The Cubital Fossa is a triangular-shaped depression, located between the forearm and the arm on the anterior surface of the elbow, with the apex of the triangle pointing distally. It is also known as the “antecubital” because it lies anteriorly to the elbow.
What is the antecubital fossa?
Introduction. The cubital fossa is an area of transition between the anatomical arm and the forearm. It is located in a depression on the anterior surface of the elbow joint. It is also called the antecubital fossa because it lies anteriorly to the elbow (Latin cubitus) when in standard anatomical position.
What is the difference between cubital fossa and antecubital fossa?
The cubital fossa is the triangular area on the anterior of the elbow. It is also called the elbow pit or antecubital fossa. … It signifies is an area of transition between the anatomical arm and the forearm and can be recognized as a depression on the anterior surface of the elbow joint.
What is located in the cubital fossa?
Biceps tendon – perhaps the most prominent structure of the cubital fossa, the biceps tendon runs through attaching to the radial tuberosity of the radius.  Brachial artery – the brachial artery runs through the fossa, just medial to the biceps tendon, branching at the apex into the radial and ulnar arteries.
Is not a vein antecubital fossa?
Generally, the cephalic vein runs along almost the entire length of the arm and the median cubital vein connects the cephalic vein with the basilic vein. … Sometimes venipuncture is performed on hand veins when the veins in the antecubital fossa are not appropriate.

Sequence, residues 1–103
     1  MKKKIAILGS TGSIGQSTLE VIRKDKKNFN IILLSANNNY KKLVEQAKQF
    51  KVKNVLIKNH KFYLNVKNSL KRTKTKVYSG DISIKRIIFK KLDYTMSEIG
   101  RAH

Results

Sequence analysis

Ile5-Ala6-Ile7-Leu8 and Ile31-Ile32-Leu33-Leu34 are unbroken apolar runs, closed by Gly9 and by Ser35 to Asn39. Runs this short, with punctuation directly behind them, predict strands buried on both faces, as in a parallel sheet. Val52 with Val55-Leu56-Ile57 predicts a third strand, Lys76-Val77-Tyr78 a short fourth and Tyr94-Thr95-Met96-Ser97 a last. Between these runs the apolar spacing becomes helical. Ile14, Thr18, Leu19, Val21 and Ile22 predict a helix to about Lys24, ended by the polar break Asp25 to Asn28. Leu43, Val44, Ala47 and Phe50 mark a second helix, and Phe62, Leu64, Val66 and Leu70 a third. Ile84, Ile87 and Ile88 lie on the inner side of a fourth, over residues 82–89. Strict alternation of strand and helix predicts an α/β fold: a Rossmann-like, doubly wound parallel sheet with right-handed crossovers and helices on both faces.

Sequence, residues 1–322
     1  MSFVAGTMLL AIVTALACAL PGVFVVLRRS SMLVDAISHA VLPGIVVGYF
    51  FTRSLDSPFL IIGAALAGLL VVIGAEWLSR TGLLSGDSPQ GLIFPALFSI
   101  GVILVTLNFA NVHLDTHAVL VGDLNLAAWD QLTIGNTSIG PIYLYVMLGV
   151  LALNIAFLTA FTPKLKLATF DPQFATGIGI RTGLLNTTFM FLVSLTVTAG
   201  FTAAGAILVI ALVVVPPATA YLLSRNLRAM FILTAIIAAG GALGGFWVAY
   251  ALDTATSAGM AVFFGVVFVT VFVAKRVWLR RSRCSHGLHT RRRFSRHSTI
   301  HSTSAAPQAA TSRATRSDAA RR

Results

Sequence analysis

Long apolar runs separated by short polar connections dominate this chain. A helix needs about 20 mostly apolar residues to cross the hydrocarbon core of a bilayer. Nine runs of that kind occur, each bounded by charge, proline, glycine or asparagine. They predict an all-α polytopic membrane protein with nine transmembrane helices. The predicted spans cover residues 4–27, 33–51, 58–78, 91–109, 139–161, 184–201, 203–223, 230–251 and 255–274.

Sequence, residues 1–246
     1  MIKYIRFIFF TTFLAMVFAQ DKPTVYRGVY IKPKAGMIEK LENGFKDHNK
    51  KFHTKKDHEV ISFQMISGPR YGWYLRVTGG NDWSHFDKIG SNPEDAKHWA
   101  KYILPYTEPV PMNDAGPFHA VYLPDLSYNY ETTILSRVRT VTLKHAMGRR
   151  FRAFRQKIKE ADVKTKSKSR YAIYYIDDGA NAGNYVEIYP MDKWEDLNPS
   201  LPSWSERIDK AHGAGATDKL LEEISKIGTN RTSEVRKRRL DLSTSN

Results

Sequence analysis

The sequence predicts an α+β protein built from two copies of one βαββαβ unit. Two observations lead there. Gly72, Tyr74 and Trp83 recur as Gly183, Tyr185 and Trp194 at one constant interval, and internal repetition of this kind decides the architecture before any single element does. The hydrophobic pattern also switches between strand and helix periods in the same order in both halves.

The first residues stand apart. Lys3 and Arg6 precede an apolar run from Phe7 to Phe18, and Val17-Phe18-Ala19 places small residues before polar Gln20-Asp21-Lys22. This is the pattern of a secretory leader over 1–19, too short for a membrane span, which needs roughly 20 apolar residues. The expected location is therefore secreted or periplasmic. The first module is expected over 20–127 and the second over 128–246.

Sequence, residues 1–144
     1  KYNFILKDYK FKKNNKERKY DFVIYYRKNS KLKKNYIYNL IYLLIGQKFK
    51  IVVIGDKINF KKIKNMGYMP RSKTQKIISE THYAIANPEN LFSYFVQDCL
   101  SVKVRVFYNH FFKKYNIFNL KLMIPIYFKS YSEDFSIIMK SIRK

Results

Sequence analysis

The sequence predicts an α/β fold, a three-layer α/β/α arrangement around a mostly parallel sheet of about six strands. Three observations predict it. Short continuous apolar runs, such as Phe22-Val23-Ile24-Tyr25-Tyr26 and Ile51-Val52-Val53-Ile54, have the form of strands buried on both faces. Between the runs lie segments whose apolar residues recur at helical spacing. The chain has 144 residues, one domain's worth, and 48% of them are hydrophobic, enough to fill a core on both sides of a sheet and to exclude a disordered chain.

What causes pain in the antecubital fossa?
Conclusion. Osteochondromas and bicipitoradial bursitis are known causes of antecubital fossa masses and pain.
Why is it called antecubital fossa?
|Cubital fossa||Ulnar and radial arteries. Deep view.||Details||Identifiers||Latin fossa cubitalis|
What is the most difficult vein to anchor in the antecubital fossa?
|Vein Location Reason for Choice||Cephalic Thumb side of antecubital fossa Ease of access; few nerves and tendons in area||Basilic Body side of antecubital fossa More difficult to access; proximity of artery, nerves and tendons. Use this vein only as the final alternative.|
What is the inner elbow called?
The inner portion of the elbow is a bony prominence called the medial epicondyle of the humerus.
What vein is the most common site of venipuncture?
The most common site of venipuncture is the upper arm. The present study macroscopically and anatomically ascertained positional relationships between cutaneous nerves and veins in the cubital (aka antecubital) fossa in many cadaveric dissections to determine the risk of peripheral nerve injury during venipuncture.
Why cubital fossa is important?
The cubital fossa is a passageway for structures to pass between the upper arm and forearm. Its contents are (lateral to medial): Radial nerve – travels along the lateral border of the cubital fossa and divides into superficial and deep branches. It has a motor and sensory function in the posterior forearm and hand.
What is the best vein to draw from?
For adult patients, the most common and first choice is the median cubital vein in the antecubital fossa. Commonly referred to as the antecubital or the AC it can be found in the crevice of the elbow between the median cephalic and the median basilic vein.
Which vein should be avoided for venipuncture?
Foot veins are a last resort because of the higher probability of complications. Certain areas are to be avoided when choosing a site: Extensive scars from burns and surgery – it is difficult to puncture the scar tissue and obtain a specimen.
Which vein is commonly used for blood draws and where is it located?
1. Median cubital vein A superficial vein, most commonly used for venipuncture, it lies over the cubital fossa and serves as an anastomosis between the cephalic and basilic veins. 2. Cephalic vein Shown in both forearm and arm, it can be followed proximally where it empties into the axillary vein.
How do you know if your ulnar nerve is damaged?
Common symptoms of ulnar nerve injury
Burning feeling in hand, arm or finger. Increased arm numbness or tingling while typing or writing. Increased finger numbness or tingling while typing or writing. “Pins and needles” sensation (prickling) in the hand, arm or fingers.